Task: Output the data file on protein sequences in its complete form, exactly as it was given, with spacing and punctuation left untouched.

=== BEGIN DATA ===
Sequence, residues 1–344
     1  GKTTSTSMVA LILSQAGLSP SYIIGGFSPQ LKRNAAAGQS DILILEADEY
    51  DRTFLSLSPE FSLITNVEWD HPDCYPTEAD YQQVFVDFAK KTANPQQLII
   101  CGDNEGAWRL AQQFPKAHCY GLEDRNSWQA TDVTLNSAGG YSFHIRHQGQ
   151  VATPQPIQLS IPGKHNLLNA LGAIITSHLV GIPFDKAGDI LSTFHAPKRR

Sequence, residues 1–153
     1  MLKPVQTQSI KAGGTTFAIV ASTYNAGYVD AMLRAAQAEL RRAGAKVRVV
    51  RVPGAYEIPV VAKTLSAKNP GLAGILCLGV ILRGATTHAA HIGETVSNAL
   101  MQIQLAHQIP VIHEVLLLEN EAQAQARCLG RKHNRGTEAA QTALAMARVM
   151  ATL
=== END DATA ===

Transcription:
Sequence, residues 1–344
     1  GKTTSTSMVA LILSQAGLSP SYIIGGFSPQ LKRNAAAGQS DILILEADEY
    51  DRTFLSLSPE FSLITNVEWD HPDCYPTEAD YQQVFVDFAK KTANPQQLII
   101  CGDNEGAWRL AQQFPKAHCY GLEDRNSWQA TDVTLNSAGG YSFHIRHQGQ
   151  VATPQPIQLS IPGKHNLLNA LGAIITSHLV GIPFDKAGDI LSTFHAPKRR

Sequence, residues 1–153
     1  MLKPVQTQSI KAGGTTFAIV ASTYNAGYVD AMLRAAQAEL RRAGAKVRVV
    51  RVPGAYEIPV VAKTLSAKNP GLAGILCLGV ILRGATTHAA HIGETVSNAL
   101  MQIQLAHQIP VIHEVLLLEN EAQAQARCLG RKHNRGTEAA QTALAMARVM
   151  ATL